Causes

Nasal obstruction can be physiologic and/or structural. The differential diagnosis of physiologic nasal obstruction includes infections, allergies, medications, vasomotor rhinitis, endocrine disorders, and chemical irritants.

The common cold is the most frequent cause of physiologic nasal obstruction. It is usually self-limiting and treated with antihistamines and decongestants. Allergic rhinitis can be seasonal or perennial. Seasonal symptoms can be managed with antihistamines, decongestants, and topical and/or systemic steroids. Perennial allergic rhinitis requires a work-up, which includes nasal cytology, blood tests for immunoglobulin E levels, and skin test.

Rhinitis medicamentosa is most frequently seen in patients who use long-term nasal sprays or drops. However, it can also result from oral medications such as reserpine, propanol, and chlorpromazine. Its treatment requires stopping the offending medication and providing airway support with decongestants and systemic and/or topical steroids.

Pregnancy is a common endocrine cause of nasal obstruction. However, rhinitis of pregnancy usually resolves with the end of pregnancy. Interim treatment depends on the stage of the patient’s pregnancy and the approach that the patient’s obstetrician has toward therapy during pregnancy.

Persistent irritants can cause chronic allergic rhinitis, and pollution is the most common environmental cause. Other causes are primarily occupational, which include dust, fumes, and chemicals. The treatment is preventative and avoidance of the irritants.

Diagnosis

The diagnosis of nasal obstruction begins with a complete history, including several key elements, including (1) duration and frequency of the symptoms, (2) whether they are unilateral or bilateral, (3) whether they are perennial or seasonal, (4) history of trauma, (5) history of surgery, (6) presence of allergic symptoms, and (7) medication usage. Examination of the patient’s nasal cavities requires good illumination and adequate decongestion. The patient is initially observed at rest without a speculum. The external nasal valve is first examined and noted for alar collapse. The internal valve is also evaluated without a speculum, checking for mucosal scarring and the relationship of the upper lateral cartilage to the septum. The Cottle test is used to evaluate nasal valve disorder. While the patient breaths quietly, the cheek is retracted laterally in order to open up the nasal valve. If the patient’s breathing is improved, the Cottle test is positive, indicating that the nasal valve is a factor in the patient’s respiratory symptoms. However, if the valve is scarred, the maneuver may not alter the symptoms, and the test results are designated as false-negative. In this case, a Q-tip may be used to retract the nasal valve laterally. Although the Cottle test is specific for nasal valve collapse, false-positive tests are seen in patients with flaccid valves. Gruber and colleagues also described the use of a Breathe Right strip test to evaluate the internal and external valves separately.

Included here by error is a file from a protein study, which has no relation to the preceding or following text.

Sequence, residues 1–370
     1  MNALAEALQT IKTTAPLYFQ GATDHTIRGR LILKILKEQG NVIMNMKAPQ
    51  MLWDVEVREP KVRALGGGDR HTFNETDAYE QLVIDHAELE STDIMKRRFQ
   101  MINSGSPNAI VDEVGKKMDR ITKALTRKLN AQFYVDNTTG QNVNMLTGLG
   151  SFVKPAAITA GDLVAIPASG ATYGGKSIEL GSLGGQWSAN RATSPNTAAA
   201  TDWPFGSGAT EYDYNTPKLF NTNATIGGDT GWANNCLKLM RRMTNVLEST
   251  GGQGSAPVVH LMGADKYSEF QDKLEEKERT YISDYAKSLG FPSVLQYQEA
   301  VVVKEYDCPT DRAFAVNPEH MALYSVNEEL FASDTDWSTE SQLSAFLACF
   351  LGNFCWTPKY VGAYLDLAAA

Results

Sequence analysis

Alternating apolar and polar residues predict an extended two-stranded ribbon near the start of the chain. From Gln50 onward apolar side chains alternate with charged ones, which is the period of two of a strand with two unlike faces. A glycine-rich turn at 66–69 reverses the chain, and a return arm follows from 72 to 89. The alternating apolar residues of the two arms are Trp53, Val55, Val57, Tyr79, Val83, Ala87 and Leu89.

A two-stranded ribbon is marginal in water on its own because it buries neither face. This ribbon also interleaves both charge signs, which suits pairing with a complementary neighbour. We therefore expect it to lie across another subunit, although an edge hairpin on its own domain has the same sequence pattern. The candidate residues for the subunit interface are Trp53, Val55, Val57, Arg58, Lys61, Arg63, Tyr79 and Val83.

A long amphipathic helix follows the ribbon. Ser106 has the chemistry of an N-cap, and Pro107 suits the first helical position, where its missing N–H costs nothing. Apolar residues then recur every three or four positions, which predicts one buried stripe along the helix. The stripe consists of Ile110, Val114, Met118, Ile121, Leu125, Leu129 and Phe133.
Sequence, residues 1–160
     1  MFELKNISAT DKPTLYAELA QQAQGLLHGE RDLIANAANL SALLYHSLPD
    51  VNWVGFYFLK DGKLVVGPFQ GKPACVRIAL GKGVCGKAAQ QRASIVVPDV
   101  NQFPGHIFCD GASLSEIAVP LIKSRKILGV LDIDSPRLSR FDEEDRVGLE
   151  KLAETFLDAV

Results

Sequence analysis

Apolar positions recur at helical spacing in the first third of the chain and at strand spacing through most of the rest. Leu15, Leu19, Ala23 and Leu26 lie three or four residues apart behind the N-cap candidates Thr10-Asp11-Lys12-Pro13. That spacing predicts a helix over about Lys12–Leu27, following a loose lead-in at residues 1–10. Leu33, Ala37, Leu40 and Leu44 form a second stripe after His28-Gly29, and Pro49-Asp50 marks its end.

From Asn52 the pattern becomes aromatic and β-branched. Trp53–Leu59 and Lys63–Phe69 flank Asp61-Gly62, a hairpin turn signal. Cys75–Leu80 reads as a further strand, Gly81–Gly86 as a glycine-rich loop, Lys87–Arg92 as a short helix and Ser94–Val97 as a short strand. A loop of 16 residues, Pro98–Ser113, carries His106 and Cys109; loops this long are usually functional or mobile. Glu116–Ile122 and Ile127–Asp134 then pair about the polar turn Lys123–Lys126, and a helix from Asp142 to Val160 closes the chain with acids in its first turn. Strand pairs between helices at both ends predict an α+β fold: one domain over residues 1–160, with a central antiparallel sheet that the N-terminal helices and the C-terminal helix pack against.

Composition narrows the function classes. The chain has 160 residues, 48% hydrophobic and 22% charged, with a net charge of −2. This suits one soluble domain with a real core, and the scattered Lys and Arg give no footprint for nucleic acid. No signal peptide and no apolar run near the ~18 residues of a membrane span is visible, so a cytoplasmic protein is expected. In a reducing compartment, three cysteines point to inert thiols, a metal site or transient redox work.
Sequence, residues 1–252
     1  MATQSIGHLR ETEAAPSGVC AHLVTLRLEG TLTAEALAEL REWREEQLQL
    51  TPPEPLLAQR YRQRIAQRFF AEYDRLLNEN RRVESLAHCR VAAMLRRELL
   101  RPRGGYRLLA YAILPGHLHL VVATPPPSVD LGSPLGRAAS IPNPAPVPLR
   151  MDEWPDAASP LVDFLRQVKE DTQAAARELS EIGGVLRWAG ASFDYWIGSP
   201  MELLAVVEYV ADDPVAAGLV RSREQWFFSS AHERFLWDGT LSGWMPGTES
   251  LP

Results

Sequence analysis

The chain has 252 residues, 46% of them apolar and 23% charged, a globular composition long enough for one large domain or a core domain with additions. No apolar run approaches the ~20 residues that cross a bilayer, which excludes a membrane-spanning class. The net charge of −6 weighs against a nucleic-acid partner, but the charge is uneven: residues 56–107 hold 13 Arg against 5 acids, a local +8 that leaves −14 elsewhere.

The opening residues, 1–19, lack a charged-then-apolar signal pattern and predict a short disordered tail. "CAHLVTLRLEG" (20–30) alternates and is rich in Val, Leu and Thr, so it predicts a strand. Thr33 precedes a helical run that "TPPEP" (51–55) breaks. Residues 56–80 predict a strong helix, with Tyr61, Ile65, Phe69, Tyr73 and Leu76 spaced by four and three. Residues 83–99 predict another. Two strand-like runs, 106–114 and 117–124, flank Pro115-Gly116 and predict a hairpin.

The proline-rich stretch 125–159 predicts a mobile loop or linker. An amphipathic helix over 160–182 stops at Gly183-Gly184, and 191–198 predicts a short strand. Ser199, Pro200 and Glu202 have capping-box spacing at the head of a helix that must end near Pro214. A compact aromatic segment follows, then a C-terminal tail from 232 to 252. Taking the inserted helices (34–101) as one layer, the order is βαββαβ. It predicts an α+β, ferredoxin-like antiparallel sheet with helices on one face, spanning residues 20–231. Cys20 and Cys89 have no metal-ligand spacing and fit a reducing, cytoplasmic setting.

The nasal structures are then examined with a nasal speculum. The nasal septum is evaluated for deviation, whereas the turbinates are evaluated for hypertrophy ( Fig. 1 ). The caudal end of the septum is examined and deviations of the quadrilateral cartilage and bony septum are noted ( Fig. 2 ). The nasal mucosa is examined for scarring or thinning. In addition, both inferior and middle turbinates are evaluated.

Nov 21, 2017 | Posted by in Dental Materials | Comments Off on Surgical Management of Nasal Airway Obstruction